Pope blocks the nomination of new French ambassador to Vatican who is gay
THE Pope has reportedly barred the nomination of a close aide of President François Hollande as new French ambassador to the Vatican because he is gay.
The apparent rejection calls into question the Pontiff's reputation as holding more liberal views on homosexuality.
Laurent Stefanini (54), a senior diplomat and Mr Hollande's chief of protocol, was nominated in early January but the Vatican had maintained a stony silence over whether it accepts his credentials, officials in Paris said.
The usual time frame for acceptance is a month and a half. After that, a prolonged silence after a nomination is normally interpreted as a rejection.
The élysée said that the choice of Mr Stefanini to represent France at the Vatican resulted from "a wish by the president and a cabinet decision" and that the president regarded him as "one of our best diplomats".
French media widely reported that Mr Stefanini has been rejected because of his homosexuality.
'Le Journal du Dimanche' quoted a Vatican insider as saying that the rejection was "a decision taken by the Pope himself".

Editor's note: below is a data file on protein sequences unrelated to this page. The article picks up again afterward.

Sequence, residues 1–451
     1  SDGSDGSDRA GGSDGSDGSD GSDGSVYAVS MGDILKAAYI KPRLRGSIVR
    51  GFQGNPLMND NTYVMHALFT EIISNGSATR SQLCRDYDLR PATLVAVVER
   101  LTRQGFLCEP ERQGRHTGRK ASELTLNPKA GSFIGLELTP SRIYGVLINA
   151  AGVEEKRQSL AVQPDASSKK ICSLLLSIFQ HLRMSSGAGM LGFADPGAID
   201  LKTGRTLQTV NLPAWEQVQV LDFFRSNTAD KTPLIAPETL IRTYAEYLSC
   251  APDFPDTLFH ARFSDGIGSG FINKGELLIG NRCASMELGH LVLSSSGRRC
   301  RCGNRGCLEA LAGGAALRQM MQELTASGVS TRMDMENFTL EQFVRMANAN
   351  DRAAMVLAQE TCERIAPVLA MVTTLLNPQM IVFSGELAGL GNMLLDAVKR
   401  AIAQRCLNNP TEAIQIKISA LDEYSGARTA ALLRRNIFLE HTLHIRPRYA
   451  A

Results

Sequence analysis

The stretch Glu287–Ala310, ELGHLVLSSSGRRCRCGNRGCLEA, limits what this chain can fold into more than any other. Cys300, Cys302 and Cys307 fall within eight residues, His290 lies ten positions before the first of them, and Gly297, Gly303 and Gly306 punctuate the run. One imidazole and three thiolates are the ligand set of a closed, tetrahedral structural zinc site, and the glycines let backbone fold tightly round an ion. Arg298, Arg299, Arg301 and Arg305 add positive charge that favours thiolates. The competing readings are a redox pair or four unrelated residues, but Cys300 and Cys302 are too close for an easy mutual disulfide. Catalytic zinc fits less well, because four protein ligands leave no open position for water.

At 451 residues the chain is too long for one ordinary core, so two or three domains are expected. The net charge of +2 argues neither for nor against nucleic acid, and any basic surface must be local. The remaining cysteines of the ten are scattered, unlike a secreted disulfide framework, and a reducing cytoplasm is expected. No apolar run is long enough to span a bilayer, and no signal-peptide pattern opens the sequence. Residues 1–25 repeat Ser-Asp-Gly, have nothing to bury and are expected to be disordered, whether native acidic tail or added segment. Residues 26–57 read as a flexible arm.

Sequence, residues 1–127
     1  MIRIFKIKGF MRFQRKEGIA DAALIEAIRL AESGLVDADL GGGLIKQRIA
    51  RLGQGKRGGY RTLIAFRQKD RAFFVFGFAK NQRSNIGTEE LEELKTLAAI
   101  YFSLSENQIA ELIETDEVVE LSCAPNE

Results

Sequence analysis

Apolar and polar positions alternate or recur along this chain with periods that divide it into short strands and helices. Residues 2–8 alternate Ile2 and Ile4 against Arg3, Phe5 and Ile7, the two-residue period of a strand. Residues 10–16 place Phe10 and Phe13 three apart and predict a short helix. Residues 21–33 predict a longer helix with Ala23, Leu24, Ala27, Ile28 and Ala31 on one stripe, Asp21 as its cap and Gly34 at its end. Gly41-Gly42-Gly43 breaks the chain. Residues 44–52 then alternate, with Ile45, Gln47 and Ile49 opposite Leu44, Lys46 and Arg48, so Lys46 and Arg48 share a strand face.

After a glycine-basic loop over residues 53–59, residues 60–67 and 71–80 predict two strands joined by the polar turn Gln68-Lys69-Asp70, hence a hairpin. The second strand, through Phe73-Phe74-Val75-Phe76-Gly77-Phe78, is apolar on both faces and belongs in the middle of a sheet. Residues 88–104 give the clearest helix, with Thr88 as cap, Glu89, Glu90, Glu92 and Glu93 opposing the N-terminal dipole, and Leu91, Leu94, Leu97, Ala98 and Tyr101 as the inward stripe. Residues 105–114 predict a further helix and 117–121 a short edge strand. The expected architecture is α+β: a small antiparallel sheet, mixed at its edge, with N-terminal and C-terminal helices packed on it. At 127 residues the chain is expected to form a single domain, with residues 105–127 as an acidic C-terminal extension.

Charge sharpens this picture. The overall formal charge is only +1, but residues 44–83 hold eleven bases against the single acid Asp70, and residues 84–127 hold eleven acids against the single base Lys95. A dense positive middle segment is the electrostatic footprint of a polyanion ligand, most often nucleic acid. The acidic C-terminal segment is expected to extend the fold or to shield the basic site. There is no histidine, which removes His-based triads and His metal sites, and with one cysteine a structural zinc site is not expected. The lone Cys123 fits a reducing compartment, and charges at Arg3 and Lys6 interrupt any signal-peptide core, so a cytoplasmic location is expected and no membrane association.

'Liberation', the Left-leaning daily, said that "the Vatican's homophobia seriously tarnishes Pope Francis's image as being (slightly) more open-minded than his predecessors on sexuality". In 2007, France nominated a gay ambassador to the Vatican who had a partner recognised under French law but the Holy See never responded to the nomination.
Mr Stefanini is reportedly widely respected by many in the Catholic Church, following his previous stint as number two in the French embassy at the Vatican from 2001 to 2005. Very discreet about his private life, he was "highly thought of in Roman circles", said Antoine-Marie Izoard, a Vatican specialist with the I-Media press agency.
Cardinal Andre Vingt-Trois of Paris reportedly interceded personally with the Pope to back the nomination. 'La Croix' newspaper said Cardinal Jean-Louis Tauran, the former Vatican foreign minister who is currently president of the Pontifical Council for Interreligious Dialogue, also supported the appointment.
The Pope has to date adopted a considerably softer line on homosexuality than his predecessor. "If a person is gay and seeks God and has good will, who am I to judge?" he said two years ago, adding that gay people should not be marginalised but integrated into society.
However, that did not stop him criticising the French government passing a law in 2013 legalising gay marriage and adoption rights for gay couples, leading to mass protests from the country's Catholics.
Observers say the Pope cannot be seen to be adopting an overly gay-friendly approach that would shock the Church's more conservative elements.